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Tiny Fish, Big Discovery

In a world first, Australian scientists have used high frequency ultrasound to examine more than one thousand beating hearts that are smaller than a grain of sand, paving the way for medical researchers to gain an unprecedented understanding of heart development, function and regeneration.

The game-changing new technology will shed new light on a multitude of adult-onset heart diseases, including heart attacks and dilated cardiomyopathy - an enlarging of the heart that affects 46,000 Australians and can progress to heart failure.

Lead by doctors at the Victor Chang Cardiac Research Institute, this study focused on a small, tropical, freshwater fish, which is commonly used as a model to examine human heart disease and heart regeneration.

One thousand ultrasounds were performed on one thousand zebrafish to create a live picture of their beating hearts, giving scientists a picture of heart function that has never been possible before.

Doctor Inken Martin is a biologist at the Victor Chang Institute and believes the breakthrough could open up a new avenue of investigation into heart regeneration and causes of heart failure in humans.

“A zebrafish heart is surprisingly similar to a human’s heart, with one vital difference: a zebrafish can regenerate and heal its own heart, much like a lizard can grow back its tail. But if a human’s heart is injured, for example by a heart attack, the damage is irreversible and sadly often fatal,” Dr Martin explained.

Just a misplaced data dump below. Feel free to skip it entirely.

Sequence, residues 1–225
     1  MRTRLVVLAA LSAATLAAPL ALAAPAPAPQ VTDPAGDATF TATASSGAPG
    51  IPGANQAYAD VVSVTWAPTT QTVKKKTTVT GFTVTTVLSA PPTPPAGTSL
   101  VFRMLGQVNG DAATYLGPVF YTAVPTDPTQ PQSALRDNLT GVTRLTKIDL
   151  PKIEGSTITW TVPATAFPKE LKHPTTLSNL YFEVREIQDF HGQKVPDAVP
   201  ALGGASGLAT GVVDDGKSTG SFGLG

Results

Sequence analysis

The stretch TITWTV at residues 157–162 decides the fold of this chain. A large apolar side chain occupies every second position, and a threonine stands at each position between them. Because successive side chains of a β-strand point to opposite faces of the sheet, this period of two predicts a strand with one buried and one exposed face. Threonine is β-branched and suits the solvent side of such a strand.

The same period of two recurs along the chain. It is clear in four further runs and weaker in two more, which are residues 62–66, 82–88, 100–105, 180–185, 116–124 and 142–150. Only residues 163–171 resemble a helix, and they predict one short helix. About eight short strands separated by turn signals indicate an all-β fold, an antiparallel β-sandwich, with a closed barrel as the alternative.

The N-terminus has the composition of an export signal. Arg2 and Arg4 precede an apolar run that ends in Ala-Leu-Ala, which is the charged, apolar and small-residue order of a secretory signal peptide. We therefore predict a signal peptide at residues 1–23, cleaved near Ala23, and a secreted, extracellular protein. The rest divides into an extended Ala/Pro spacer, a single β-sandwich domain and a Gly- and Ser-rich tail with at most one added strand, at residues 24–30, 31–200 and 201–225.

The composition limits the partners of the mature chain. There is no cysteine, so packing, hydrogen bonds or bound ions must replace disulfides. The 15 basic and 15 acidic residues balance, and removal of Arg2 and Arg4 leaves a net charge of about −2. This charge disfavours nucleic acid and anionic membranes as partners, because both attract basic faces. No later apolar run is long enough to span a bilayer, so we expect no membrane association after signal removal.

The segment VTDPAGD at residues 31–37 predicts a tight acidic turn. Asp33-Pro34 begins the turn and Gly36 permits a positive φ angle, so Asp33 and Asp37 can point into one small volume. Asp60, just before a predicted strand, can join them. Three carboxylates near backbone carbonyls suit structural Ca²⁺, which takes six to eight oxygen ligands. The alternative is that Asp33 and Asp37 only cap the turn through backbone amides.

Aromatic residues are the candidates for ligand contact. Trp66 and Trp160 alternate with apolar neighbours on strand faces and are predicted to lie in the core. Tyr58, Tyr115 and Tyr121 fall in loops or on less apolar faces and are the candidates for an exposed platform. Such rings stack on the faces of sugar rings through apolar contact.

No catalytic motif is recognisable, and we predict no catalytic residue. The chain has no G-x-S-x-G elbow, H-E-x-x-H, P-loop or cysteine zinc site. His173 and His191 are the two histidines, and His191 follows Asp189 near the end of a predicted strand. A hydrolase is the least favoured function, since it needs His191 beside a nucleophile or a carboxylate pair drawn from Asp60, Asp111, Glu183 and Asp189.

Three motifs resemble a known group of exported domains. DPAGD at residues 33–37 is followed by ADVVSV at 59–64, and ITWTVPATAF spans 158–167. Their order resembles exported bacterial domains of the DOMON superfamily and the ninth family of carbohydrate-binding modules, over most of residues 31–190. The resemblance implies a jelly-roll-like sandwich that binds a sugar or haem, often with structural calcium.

“If we can understand the complexities of how the heart works, we will be able to come up with better ways to diagnose, treat, or even prevent adult onset heart disease,” added Dr Martin.

Until now, high-level analysis of the heart has not been possible on such a tiny scale.

But thanks to a giant leap in technology, high resolution, high frequency echocardiographic images can now be captured with unparalleled detail and clarity. This is the same type of test that is used to look at human heart function, but on a much smaller scale.

The technique is performed underwater and takes just minutes to complete. The researchers looked at a range of factors that affect echo measurements, including age, gender and genetic background, with the results forming the most comprehensive analysis of zebrafish echocardiography in the world.

Cardiologist and co-author, Dr Louis Wang, believes the breakthrough will also help explain why some humans are more susceptible to developing heart failure than others.

“Previously there hasn’t been a robust method of measuring or monitoring the tiny hearts of these living animals. But, from scratch, we have designed, developed and implemented a gold standard method of assessing their heart structure and function,” Dr Wang revealed.

Importantly, the discovery was made without any harm to the freshwater creatures whatsoever.

The Victor Chang Institute’s aquarium is home to almost 40,000 zebrafish.

The findings, published in Disease Models & Mechanisms, are expected to be adopted by scientists worldwide.

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